Thursday, April 1, 2010

A Killer Burger At Donnie's Burger Cafe

I don't think I've been this excited about a major food find since stumbling across the Taqueria La Loma taco truck late last year. And I'm happy to be sharing this find with you, gentle reader, because I know that once you discover the magic of the food being served at this local Tallmadge gem, you just won't be able to get enough. Well, at least until your cardiologist tells you it's time to stop. This was the kind of place that I consider "destination" dining: A place with food so amazing that it'd be worth a day trip just to try it out. While my hope was that by publishing this, I haven't cursed myself by never being able to get a table again the next time I craved this undeniably American but universally popular cuisine, I knew that eventually the secret would get out.

But, I suppose I am ahead of myself. Let's start at the beginning, shall we?

I first noticed Donnie's Burger Cafe after moving into my current residence in Akron a while ago. Since my home shared a border with Tallmadge, it wasn't too long after moving in that I had headed up to Tallmadge Circle, mostly to explore this new part of Akron. As I drove around the circle that first time, I noticed a building on the east side of the circle, but didn't give it much thought. In retrospect, I should've. Located at 23 Southeast Avenue, Tallmadge, OH 44278, Donnie's can be reached at 330-630-3296. At the time of this writing, there was no website available specific to this location; however, this Yahoo Maps entry has three testimonials of others' visits to the restaurant. I tend to take what I read on Yahoo Maps with a grain of salt, so I didn't pay them much attention. There was ample parking surrounding the restaurant.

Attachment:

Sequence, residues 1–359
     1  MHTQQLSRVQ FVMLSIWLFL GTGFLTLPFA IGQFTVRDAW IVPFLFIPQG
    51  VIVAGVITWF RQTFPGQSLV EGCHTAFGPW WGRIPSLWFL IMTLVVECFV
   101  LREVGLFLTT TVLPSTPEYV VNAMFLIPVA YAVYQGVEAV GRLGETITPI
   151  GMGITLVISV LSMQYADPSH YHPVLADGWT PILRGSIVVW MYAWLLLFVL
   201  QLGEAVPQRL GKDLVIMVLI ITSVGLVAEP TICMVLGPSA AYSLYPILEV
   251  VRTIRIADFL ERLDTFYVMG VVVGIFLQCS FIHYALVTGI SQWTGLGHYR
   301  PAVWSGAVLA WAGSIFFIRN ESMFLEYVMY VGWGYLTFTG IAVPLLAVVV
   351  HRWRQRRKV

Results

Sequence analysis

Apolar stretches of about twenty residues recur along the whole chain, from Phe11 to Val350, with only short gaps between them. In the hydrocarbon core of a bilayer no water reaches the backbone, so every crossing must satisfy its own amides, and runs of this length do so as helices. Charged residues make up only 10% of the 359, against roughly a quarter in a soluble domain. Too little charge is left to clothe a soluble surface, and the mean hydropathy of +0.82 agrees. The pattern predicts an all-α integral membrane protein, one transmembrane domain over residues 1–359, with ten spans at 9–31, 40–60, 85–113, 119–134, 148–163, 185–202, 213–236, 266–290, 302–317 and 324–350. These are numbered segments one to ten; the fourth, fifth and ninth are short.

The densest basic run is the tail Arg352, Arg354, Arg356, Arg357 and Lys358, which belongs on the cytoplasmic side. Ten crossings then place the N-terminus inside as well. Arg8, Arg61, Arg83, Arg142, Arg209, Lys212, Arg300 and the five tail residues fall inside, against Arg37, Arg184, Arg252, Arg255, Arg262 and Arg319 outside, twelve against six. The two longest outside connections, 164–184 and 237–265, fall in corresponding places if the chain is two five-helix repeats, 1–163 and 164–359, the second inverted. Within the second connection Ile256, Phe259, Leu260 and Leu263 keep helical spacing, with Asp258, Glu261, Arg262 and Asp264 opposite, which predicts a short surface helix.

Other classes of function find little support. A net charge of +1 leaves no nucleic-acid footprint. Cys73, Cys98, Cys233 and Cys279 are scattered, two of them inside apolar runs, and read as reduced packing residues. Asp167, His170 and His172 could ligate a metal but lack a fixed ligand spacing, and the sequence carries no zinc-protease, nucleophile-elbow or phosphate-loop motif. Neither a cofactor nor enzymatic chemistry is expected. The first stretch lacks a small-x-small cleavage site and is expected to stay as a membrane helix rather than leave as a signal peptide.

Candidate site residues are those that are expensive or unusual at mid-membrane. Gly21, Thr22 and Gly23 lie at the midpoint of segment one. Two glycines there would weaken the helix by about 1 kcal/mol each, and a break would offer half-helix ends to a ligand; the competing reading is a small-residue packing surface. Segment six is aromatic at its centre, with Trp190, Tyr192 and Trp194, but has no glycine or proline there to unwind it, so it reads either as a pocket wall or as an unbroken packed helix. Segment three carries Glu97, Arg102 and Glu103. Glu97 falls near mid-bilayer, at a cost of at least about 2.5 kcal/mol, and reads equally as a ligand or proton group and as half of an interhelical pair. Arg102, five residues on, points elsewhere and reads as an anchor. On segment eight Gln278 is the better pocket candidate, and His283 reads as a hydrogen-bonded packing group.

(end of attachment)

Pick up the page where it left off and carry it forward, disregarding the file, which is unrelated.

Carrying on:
Once inside, I was taken aback by the cuteness of my surroundings. I know I don't normally talk about a restaurant's "cuteness" factor, but by all accounts, Donnie's had a certain something that seemed unique all unto itself but also vaguely familiar. Unfamiliar with the ordering process, I took a seat at an empty table and waited for a server to come over. Almost immediately, I realized that Donnie's was not a full-service restaurant but one where the customer placed their order at the counter and then retired to an empty table with their food once it was plated. One of the first items I noticed was the quite large wall menu (of which I took a picture, but sadly turned out completely blurry and unusable) by the ordering counter. As customers approached the ordering counter, they would lazily gaze up, make their choices and pay for their meal. Once customers picked up their completed orders of food, they would seek out an additional station at the side of the restaurant for condiments, napkins, straws and other meal-related amenities before finding a table to enjoy their spoils.

Having now watched the ordering ritual thoroughly enough to understand it, I tentatively approached the woman operating the cash register. I asked her if the restaurant had any specialties ... menu items for which the restaurant was known. She described several of their burgers and a fried fish sandwich that she told me involved some type of Australian-sourced fish which was breaded and fried. She also added that they were particularly well known for their French fries. Knowing that I have had bad experiences in the past with poorly fried frites, I was hesitant about ordering their version. In the end, however, her positive attitude and the lack of any other appropriate side dish finally convinced me to give the French fries a try.